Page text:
Did you miss our event on March 23 in Saskatoon? If so, you can view some of the presentations by our guest researchers and producers below! Though viewing a PowerPoint presentation is not nearly as effective as seeing and hearing the presenter in person, you will be able to see a summary of the research and findings.
Dr. Diane Knight, Ph.D., M.Sc., B.Sc.: Professor and Ministry of Agriculture Research Chair
Presentation Summary: The importance of legume crops on organic farms can not be over- emphasized. Legume residues can return nitrogen (N) to the soil that was harvested and exported with the seed. This presentation will discuss research conducted at the University of Saskatchewan comparing different legume crops (pea, lentil, faba bean and chickpea) and their above-ground and below-ground residue inputs of N to a subsequent wheat crop grown the next year. View presentation here.
Myriam R. Fernandez, Ph.D.: Research Scientist-Organic Agriculture and Crop Pathology,
Presentation Summary: Allelopathy: What is it? How does it work for control of weeds and other pests? What are the crops with best allelopathic potential? How can allelopathy be incorporated into various agronomic practices? This presentation will focus on the results of cover crop and intercropping trials conducted at the Swift Current Research and Development Centre. There will also be some suggestions for on-farm projects where producers can assess the allelopathic potential of crops under their particular conditions. Presentation unavailable at this time.
Bobbi Helgason, Ph.D., P.Ag.: Research Scientist, Soil Microbial Ecologist
Presentation Summary: Soil organic matter matters for happy microbes and healthy soils. Soil biota are critical for nutrient cycling in healthy soils. Reliance on release of plant available nutrients through biological mineralization of N and P is particularly important in organically managed soils because supplemental N and P are not supplied as inorganic fertilizers. These processes of mineralization are fueled by energy that comes from the carbon which is provided by plants and stored in soil organic matter. We have been studying how different practices in organic and conventionally-managed soils affect fertility through their impacts on microbial community structure and function. The importance of soil organic matter for harboring soil biota and maintaining fertility will be discussed. View presentation here.
Dr. Dunling Wang, Ph.D, P.Ag.: Alternative Cropping Specialist, SaskAg and Government Advisor to SaskOrganics
Cody Straza: SaskOrganics Director and Organic Producer: Participatory Plant Breeding. View Presentation here.
Presentation Topic: Organic Research Priorities. Update from the SaskOrganics Research committee, the actions arising from the previous Research Report, and what to expect for the next Research report. View presentation here.
Richard Wilkins: Provincial Specialist – Pesticide Regulatory
Presentation Topic: FieldWatch Is a web-based mapping tools created to promote communication between beekeepers, producers of specialty crops and pesticide applicators in support of ongoing stewardship activities, such as pollinator protection. The program enables producers, beekeepers, and pesticide applicators to work together to protect specialty crops and apiaries through use of the DriftWatch registry mapping program. View presentation here.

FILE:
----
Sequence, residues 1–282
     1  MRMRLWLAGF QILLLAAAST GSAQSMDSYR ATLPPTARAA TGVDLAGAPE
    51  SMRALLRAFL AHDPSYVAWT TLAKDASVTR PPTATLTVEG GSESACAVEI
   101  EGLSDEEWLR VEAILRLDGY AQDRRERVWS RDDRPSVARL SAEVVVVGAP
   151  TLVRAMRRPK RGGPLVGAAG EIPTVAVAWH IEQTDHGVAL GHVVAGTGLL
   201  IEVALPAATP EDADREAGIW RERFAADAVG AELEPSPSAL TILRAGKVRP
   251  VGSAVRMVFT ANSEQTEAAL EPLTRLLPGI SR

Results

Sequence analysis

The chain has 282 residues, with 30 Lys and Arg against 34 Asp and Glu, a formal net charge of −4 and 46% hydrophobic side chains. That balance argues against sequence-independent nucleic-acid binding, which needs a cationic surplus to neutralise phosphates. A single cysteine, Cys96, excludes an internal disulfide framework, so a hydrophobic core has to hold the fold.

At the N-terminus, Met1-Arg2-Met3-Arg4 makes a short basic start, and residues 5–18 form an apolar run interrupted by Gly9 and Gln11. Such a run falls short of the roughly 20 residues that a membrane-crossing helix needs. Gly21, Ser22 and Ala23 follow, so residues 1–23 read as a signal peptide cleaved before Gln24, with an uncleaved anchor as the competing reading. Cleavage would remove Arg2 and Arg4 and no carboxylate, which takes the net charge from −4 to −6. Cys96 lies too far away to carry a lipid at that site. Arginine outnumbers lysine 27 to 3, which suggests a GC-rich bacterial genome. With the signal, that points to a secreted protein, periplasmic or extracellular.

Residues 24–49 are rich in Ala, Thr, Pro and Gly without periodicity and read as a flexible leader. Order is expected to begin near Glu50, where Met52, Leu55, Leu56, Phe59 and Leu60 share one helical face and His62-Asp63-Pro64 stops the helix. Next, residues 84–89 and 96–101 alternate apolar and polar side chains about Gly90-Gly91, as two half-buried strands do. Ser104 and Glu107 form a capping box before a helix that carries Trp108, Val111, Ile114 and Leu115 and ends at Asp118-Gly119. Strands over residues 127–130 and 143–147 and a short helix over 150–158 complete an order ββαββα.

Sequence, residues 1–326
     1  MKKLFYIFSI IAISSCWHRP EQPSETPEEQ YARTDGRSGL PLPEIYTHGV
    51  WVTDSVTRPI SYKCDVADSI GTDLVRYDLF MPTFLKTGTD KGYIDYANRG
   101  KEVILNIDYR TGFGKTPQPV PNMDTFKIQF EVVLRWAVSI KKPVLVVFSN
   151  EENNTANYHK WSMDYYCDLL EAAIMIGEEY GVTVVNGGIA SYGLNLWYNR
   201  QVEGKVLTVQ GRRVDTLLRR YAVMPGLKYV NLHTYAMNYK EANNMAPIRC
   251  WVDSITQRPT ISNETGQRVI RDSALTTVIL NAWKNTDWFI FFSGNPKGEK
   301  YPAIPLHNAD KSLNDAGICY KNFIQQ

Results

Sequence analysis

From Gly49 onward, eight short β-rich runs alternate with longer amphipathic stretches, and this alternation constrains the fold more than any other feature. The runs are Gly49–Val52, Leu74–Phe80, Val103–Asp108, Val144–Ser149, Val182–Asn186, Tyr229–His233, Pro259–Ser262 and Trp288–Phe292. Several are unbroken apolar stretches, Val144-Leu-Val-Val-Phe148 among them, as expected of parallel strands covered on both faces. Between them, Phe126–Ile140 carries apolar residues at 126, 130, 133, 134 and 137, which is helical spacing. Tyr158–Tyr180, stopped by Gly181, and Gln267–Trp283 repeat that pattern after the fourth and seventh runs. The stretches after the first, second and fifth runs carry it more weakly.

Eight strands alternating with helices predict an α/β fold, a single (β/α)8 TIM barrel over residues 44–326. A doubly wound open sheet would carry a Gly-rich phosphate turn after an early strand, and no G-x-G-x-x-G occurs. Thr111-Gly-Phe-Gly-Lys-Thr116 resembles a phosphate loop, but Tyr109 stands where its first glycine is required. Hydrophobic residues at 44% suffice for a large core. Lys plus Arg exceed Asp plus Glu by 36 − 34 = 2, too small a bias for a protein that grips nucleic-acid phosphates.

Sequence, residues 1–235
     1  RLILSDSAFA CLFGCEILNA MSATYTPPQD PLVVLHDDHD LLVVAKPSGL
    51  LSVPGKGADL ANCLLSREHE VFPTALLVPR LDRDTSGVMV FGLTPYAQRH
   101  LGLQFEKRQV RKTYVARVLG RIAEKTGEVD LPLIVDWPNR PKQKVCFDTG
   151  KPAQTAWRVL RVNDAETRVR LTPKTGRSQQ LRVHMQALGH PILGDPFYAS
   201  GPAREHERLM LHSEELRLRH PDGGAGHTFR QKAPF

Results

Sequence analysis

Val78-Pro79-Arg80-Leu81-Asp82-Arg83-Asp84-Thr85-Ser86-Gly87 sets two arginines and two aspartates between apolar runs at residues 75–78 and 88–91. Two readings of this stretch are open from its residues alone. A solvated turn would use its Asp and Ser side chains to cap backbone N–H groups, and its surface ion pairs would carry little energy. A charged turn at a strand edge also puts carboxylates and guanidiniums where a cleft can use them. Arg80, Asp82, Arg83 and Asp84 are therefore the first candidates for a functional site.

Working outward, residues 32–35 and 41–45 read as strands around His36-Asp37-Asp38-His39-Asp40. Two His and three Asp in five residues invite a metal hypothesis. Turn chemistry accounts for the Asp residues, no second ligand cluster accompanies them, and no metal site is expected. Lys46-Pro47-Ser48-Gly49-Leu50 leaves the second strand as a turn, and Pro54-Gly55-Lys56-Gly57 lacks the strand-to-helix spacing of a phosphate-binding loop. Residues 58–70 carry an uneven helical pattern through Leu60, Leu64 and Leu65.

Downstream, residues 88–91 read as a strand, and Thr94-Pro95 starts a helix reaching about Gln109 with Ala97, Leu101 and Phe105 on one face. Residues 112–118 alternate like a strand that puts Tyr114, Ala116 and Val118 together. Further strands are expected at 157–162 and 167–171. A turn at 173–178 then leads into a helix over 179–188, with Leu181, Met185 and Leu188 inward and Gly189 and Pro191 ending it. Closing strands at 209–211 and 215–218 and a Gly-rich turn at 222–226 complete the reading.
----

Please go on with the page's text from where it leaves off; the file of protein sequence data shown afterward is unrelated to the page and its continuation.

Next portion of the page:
Lena Syrovy, M.Sc., B.Sc.: Agronomy & Weed Ecology Program, University of Saskatchewan
Presentation Topic: “What we know (and don’t know) about Soil Health and Weeds”. Sorting through the messaging; examining the information out there and determining whether it is supported by available data and published research. View presentation here.
Oleksandr Alba, M.Sc. Candidate: Agronomy & Weed Ecology Program, University of Saskatchewan
Presentation Topic: Organic weed management in pulse crops.
Weed management is one of the biggest challenges for organic producers worldwide. Currently, there are sufficient recommendations for use of mechanical weed control tools (MWC) tools such as the rotary hoe (RH), the harrow (H) and the inter-row cultivation (IT) separately. Additionally, there have been several studies examining the cultural weed control practice of increased crop seeding rate. However, these mechanical and cultural weed control methods have not been directly compared or tested in combination until recently. This presentation will provide updates from various single, paired and multiple combination treatments in field pea and lentil trials during the 2016-2017 season. View presentation here.
Joe Wecker: Wecker Farms Ltd., Sedley SK:
Presentation Topic: Inter-row Cultivation and Weed harrow in Organic Agriculture: Demonstrate the use of specialized cultivator and harrow to help control weed populations in organic grain crops. View presentation here.
Tyler Remoué: Remoué Family Farms Ltd – Rockglen, SK
Presentation Topic: Applying Bindweed mites and evaluating the establishment of successful colonies on the host plant
“Bindweed is the most difficult weed to control in an organic system. Currently, there does not appear to be any organic methods (on the Prairies) which successfully control field bindweed.” View presentation here.